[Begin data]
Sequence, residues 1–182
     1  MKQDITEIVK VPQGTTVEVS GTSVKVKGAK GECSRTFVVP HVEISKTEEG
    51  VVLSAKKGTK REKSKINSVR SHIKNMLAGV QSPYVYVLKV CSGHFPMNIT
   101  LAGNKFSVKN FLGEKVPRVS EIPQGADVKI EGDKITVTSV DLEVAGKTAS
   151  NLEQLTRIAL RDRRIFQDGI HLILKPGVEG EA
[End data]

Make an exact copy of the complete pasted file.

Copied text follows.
Sequence, residues 1–182
     1  MKQDITEIVK VPQGTTVEVS GTSVKVKGAK GECSRTFVVP HVEISKTEEG
    51  VVLSAKKGTK REKSKINSVR SHIKNMLAGV QSPYVYVLKV CSGHFPMNIT
   101  LAGNKFSVKN FLGEKVPRVS EIPQGADVKI EGDKITVTSV DLEVAGKTAS
   151  NLEQLTRIAL RDRRIFQDGI HLILKPGVEG EA